What is the moral of the story then? The reality is that OpenStack is just a technology and it enables you to do more if you embrace its philosophy. This requires a company to change deeply in the way IT is conceived, and to become even more productive and agile.
If you are not willing to change your internal processes and department divisions, you will not enjoy the full benefits of OpenStack. Meanwhile, if you look at the other example, the telco was so successful because nobody believed on the project at the beginning, therefore the system administrators were free to bypass all the internal schemas.
This approach, with a proper internal awareness program, made the project a great success.

Of course it is not all black and white, there are several shades of gray in between and not each company was created equal.
I hope I gave you the tools to have a clean and vendor-neutral idea of what cloud is and what benefits it can bring you, but you will have to find your own recipe to be successful in deploying OpenStack.

Swift – Object Storage

Object store allows you to store or retrieve files. It provides a fully distributed, API-accessible storage platform that can be directly integrated into applications or used for backup, archiving and data retention.

Note: Object Storage is not a traditional file system, but rather a distributed storage system for static data such as virtual machine images, or photos, e-mails, backups and archives.

  • Proxy server (swift-proxy-server) accepts incoming requests, like files to upload, modifications to metadata or container creation; it also serves files and provides container listing
  • Accounts server manage accounts defined within the object storage service.
  • Container servers manage mapping of containers, folders, within the object store service.
  • Object servers manage actual objects, files, on the storage nodes.

openstack swift object storage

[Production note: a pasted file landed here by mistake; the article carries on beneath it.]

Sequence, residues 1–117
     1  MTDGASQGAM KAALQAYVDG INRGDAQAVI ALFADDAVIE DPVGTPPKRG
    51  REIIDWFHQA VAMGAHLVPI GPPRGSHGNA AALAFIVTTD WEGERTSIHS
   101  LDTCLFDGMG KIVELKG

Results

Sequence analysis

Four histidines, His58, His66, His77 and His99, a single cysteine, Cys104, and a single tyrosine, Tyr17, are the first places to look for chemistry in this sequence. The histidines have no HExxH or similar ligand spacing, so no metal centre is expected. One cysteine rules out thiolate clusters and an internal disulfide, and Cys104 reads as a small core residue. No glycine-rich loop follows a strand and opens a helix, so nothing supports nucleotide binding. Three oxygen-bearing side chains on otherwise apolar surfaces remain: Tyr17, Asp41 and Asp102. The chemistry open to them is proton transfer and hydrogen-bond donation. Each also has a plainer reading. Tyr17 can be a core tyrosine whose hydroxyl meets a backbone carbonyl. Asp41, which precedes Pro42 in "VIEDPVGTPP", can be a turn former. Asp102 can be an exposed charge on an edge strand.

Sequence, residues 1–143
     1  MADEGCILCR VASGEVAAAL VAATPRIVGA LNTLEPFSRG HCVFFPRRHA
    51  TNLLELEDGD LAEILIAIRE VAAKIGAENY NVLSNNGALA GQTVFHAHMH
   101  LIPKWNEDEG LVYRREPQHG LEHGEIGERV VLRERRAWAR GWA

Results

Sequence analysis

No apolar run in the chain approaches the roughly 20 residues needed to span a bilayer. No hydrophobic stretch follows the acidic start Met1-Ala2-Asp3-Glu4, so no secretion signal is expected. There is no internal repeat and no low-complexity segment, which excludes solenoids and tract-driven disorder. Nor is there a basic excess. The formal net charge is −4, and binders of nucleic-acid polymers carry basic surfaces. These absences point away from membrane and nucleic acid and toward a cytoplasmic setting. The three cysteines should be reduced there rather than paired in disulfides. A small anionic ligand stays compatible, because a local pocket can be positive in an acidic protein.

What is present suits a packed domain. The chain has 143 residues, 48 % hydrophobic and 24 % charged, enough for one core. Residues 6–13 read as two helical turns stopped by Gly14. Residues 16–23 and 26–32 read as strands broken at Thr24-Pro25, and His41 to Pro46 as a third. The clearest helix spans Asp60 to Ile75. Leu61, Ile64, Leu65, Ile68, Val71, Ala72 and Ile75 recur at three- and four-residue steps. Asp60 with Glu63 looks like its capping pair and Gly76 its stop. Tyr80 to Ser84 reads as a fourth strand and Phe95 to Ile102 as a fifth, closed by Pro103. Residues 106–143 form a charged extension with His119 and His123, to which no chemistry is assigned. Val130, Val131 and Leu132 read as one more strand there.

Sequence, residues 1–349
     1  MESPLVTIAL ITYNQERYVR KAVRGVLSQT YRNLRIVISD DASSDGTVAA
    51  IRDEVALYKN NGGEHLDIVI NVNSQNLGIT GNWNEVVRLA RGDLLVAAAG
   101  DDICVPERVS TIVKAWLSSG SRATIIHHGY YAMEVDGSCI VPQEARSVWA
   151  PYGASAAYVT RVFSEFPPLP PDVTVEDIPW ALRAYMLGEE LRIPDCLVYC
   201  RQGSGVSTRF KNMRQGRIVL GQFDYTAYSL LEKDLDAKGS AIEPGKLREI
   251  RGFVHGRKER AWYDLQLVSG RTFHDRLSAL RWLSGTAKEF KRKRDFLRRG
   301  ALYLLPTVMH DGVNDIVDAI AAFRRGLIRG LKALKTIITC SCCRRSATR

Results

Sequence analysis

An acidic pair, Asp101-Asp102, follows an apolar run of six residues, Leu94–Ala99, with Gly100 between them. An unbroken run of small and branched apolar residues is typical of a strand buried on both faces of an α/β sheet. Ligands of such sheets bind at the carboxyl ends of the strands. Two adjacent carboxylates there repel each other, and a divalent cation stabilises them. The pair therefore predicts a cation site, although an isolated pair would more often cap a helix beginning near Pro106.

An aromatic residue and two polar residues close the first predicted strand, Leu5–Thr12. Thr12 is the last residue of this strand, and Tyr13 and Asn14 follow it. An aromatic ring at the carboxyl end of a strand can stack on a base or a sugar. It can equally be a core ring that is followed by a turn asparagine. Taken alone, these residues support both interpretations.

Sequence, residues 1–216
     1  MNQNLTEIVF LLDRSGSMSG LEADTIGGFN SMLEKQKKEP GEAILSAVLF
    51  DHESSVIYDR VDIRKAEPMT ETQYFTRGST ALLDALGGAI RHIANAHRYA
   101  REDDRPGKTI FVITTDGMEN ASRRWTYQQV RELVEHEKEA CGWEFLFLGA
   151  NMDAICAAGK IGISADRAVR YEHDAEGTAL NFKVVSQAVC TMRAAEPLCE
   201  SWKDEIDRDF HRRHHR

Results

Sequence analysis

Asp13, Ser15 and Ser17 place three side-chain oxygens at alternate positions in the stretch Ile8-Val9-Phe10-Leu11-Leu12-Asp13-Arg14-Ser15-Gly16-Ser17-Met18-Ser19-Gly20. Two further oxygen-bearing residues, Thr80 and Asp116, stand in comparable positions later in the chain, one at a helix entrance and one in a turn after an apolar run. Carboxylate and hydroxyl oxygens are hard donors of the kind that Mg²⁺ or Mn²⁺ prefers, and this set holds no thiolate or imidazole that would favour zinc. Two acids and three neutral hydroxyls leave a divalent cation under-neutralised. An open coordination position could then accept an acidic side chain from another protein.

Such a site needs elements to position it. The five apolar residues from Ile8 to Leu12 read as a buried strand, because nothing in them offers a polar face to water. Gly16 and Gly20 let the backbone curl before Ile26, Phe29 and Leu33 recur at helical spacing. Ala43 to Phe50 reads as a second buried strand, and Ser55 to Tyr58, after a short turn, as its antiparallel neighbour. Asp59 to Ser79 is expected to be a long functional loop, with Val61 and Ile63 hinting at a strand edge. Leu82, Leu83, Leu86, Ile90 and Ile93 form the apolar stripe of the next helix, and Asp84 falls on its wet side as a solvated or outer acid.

Also replication services run to provide consistency and availability across the cluster, audit and update.

Ceilometer - Telemetry

The required steps to bill for usage in a cloud environment are metering, rating and billing. Because the provider's requirements may be far too specific for a shared solution, rating and billing solutions cannot be designed as a common module that satisfies all possible scenarios. Providing users with measurements on cloud services is required to meet the "measured service" definition of cloud computing.

The Telemetry module was originally designed to support billing systems for OpenStack cloud resources. This project only covers the metering portion of the required processing for billing. The module collects information about the system and stores it in the form of samples in order to provide data about anything that can be billed.

openstack ceilometer telemetry

The list of metrics is continuously growing, which makes it possible to use the data collected by Telemetry for many more purposes other than billing. For example Heat can autoscale resources when Ceilometers triggers an alarm, for example adding more front-end web servers when CPU utilization is more than 70% for 5 minutes.

Other projects

Although the former ones are the most relevant, there are three other projects worth mentioning:

  • Trove is a database-as-a-service provisioning relational and non-relational database engines. It allows an agnostic access to databases, currently supports MySQL and PostgreSQL, but vendors like Oracle and Microsoft might provide a Trove plugin for their databases in future.
  • Ironic (Bare Metal Provisioning), is an incubated OpenStack project that aims to provision bare metal machines instead of virtual machines. Ironic is currently in use by HP Helion.
  • Zaqar (Multiple Tenant Cloud Messaging), is a multi-tenant cloud messaging service for Web developers. Zaqar was formerly known as Marconi.
  • Designate provides a DNS as a Service for OpenStack.